And here we are, 40 years later, still mooning over Dylan and Beatles. As if subsequent rock music is just a footnote to the Beatles and Dylan.

It isn't. Madonna and Chuck D -- two notable absences from Rolling Stone's parade of white guys (20 interviews in their big anniversary issue, 18 white men, 2 white women) -- aren't particularly prefigured by Dylan and the Beatles -- or are they? In a way, Madonna and Chuck D represent the split between Dylan as verbal master and Dylan as shape-shifting persona maven. With their own unique spins.

Simon Reynolds* waxed excellent on the decline of musical intensity in rock in a recent interview by k-punk. I think he's right -- music appears to have a less intense place in the culture than it once did. Simon attributes this to a lack of edginess in rock, but the lack of edginess may be a symptom, not a cause.

Edginess has been subsumed into the mainstream. Nothing is more corporate than edginess, nothing more mom-and-dad play-it-safe play-your-prescribed-role fit-into-the-pre-existing-narrative than going for being "edgy." Maybe mom and dad won't completely approve of the tattoos or the unorthodox piercings -- but maybe they have them themselves; in any case, mom and dad will understand the career move behind it. Even if the career is really unlikely to pan out. Extravagant visual accoutrements on one's body won't be a barrier to employment any more. It's safe to come out of the freak-cave. Anybody can be freaky now.

After our Mother's Day brunch Sunday my spouse and our kid and I walked downtown to go to the art museum. We admired the old buildings along the way, and we took a pedestrian bridge we'd gone under hundreds of times without noticing before. A very nice walk.

Punctuated by a sweet handmade sign in a bank window rooting on Blake, Seattle-land's local American Idol finalist. Yea, Go Blake, Seattle's American Idol! As if he were a sports team.

I've seen some of his clips on the internet (the station that broadcasts the show does not reach our house since a hospital expanded several blocks away), and I've enjoyed all of the would-be Idols, to one degree or another. My 50-something African American co-worker is partial to Jordin -- "that girl has a beautiful voice!" -- but nobody has caught me. But in a recent "historical" issue of one of the glossy mags -- I think it was Life but it might have been Time -- the decade that I recently saw dubbed "the ohs" (by SFJ writing in the New Yorker) was represented culturally by American Idol and another reality show.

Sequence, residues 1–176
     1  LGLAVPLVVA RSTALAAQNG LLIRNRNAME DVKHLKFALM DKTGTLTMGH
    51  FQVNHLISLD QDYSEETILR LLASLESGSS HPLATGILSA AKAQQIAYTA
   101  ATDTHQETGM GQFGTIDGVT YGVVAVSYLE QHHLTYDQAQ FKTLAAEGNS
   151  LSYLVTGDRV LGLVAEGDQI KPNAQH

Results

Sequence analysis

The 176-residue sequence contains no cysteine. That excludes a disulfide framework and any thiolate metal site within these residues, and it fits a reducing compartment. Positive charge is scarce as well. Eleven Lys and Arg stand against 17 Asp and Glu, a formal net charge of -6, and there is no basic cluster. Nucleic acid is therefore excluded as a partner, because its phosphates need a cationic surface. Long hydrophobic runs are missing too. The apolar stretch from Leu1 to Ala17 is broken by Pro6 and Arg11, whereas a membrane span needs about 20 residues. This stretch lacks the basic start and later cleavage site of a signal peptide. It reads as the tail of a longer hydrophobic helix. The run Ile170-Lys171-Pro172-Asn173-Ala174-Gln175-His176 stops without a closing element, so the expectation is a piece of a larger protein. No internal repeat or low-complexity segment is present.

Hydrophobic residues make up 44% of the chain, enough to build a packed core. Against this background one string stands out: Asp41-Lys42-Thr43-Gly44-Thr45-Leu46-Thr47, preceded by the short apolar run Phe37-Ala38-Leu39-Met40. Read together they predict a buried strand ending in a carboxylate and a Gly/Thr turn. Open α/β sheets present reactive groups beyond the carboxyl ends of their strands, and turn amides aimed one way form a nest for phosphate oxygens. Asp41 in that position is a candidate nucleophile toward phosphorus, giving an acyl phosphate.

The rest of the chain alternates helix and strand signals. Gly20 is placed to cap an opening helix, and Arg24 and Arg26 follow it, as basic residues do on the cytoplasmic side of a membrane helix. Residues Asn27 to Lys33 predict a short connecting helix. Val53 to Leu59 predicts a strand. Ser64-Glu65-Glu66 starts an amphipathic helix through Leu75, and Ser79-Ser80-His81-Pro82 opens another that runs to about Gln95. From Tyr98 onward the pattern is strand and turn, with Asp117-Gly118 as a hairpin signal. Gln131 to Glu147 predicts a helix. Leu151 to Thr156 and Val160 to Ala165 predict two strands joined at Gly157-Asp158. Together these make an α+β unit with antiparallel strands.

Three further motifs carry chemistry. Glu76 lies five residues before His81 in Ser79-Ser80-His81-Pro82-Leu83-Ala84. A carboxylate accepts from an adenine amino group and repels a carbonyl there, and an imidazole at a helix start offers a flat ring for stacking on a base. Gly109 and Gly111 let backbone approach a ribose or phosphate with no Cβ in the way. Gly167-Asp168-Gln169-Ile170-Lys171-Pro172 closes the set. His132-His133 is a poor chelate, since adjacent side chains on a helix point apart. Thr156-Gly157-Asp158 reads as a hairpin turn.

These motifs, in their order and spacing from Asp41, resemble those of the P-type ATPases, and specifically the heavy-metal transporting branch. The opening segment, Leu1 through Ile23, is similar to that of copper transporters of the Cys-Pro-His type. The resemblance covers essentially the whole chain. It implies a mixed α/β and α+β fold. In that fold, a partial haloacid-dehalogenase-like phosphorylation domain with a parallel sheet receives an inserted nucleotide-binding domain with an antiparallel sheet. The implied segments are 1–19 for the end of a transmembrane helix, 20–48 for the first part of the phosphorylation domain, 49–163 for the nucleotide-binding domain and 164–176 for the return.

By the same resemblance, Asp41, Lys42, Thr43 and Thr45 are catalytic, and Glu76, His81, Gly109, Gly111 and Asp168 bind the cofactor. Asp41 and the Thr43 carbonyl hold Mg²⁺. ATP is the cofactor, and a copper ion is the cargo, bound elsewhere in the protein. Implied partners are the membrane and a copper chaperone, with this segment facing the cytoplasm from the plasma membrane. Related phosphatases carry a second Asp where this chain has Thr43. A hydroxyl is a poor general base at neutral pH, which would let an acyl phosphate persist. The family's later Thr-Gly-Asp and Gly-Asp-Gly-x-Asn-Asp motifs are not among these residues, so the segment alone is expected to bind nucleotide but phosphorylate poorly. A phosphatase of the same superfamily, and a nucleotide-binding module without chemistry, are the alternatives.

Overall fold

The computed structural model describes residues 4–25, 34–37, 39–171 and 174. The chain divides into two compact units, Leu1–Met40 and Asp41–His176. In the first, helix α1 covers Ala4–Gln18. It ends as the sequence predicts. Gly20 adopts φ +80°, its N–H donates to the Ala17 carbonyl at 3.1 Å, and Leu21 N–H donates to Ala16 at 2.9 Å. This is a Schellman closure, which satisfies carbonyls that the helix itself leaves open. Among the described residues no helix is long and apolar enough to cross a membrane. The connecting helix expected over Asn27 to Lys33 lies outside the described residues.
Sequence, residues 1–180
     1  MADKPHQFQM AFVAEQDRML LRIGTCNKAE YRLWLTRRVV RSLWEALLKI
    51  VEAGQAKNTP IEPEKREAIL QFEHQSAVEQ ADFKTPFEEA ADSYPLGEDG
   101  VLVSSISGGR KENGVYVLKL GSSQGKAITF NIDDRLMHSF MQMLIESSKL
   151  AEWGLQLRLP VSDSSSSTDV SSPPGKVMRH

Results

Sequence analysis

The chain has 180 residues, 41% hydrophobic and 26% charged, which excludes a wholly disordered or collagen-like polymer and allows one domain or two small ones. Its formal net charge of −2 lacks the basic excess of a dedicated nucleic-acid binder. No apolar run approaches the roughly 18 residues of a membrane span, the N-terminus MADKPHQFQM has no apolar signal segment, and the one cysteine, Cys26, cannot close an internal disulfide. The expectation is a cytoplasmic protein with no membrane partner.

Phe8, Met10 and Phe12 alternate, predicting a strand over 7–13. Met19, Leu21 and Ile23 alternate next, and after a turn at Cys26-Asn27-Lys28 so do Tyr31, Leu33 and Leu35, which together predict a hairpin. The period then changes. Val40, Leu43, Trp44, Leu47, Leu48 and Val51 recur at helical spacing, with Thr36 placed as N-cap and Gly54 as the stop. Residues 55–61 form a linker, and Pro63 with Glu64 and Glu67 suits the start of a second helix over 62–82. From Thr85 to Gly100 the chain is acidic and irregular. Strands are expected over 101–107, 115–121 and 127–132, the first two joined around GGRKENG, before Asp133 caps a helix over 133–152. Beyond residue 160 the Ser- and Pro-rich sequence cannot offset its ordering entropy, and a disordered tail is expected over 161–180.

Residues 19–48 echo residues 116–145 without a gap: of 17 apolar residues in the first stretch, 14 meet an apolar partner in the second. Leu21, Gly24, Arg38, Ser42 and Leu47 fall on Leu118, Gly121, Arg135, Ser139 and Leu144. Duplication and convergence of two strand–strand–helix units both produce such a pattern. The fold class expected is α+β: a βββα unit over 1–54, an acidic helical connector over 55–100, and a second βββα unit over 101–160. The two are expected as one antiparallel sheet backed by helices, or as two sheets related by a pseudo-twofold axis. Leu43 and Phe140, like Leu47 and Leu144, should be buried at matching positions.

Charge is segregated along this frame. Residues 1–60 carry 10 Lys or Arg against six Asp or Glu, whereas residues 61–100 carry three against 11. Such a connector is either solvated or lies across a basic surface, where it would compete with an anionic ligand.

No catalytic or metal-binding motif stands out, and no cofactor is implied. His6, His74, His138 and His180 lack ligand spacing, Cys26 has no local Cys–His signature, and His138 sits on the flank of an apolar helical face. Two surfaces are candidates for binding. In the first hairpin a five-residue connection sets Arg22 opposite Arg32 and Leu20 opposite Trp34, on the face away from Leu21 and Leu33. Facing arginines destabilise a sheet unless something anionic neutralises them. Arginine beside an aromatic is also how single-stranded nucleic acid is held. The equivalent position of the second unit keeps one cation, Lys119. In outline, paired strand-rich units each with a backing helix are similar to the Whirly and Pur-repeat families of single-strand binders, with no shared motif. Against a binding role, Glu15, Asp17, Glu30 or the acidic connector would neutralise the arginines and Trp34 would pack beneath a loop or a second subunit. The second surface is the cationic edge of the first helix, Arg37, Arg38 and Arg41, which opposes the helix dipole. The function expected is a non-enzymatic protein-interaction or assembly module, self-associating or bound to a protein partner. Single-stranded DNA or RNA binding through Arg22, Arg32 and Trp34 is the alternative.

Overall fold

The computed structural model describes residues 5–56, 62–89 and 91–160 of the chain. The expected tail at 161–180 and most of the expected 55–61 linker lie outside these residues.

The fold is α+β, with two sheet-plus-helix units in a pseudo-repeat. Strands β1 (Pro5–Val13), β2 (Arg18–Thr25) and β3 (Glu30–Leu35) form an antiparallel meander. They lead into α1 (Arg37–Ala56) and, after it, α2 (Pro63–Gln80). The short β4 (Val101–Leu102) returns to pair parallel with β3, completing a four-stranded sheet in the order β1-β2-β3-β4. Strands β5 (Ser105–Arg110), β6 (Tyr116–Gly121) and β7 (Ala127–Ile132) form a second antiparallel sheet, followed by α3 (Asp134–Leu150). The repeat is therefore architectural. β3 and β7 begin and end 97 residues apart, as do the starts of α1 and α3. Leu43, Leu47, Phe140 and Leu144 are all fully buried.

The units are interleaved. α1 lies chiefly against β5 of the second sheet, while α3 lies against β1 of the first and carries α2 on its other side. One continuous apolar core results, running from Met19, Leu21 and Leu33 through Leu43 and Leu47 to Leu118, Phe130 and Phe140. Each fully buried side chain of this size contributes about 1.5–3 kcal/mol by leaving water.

A friend recently sent me a CD-R of a variety of stuff, mostly current indie bands, and he chose well in that I like all the songs -- but nothing really grabs me. The songs are fine, but not especially compelling. The disintensification of music. Music made out of a compulsion to make music, but not to make anything particularly distinctive or unique.

The iPod is the perfect tool for the dis-intensified age. That brilliant ad campaign, successfully glamorizing the individualized, cut-off, isolated consumption of music, and conferring on the isolated status of the earphone listener an image of passion and abandon. Whereas the net effect of the MP3 players has been to mega-ultra-ubiquitize music which had been ubiquitous already. And something that's there, always there, always waiting for us to consume it, always available -- how could we expect that people would have an intense relationship with that? That super-cheapo always everywhere slice of the service economy, serviced by mostly drastically underpaid or volunteer people. (I'm a volunteer; please download my music for free at my band's web site; link at the top right of this page.) Some earphone listeners do have that intense relationship, I'm sure, but not many. I'm guessing that Simon is right when he says about the download-and-earphone age,

I sense that there’s a lot more skimming and stockpiling, an obsessive-compulsion to hear everything and hoard as much music as you can, but much less actual obsession with specific arty-facts.

But I feel no compulsion to mourn. Like Frank O'Hara said, If people don't need poetry bully for them. Music is cheap-ified. I enjoy it too.

* I really enjoyed meeting Simon, however briefly, when he was in town for the Pop Music Conference a few weeks ago. Enjoyed meeting Douglas Wolk as well.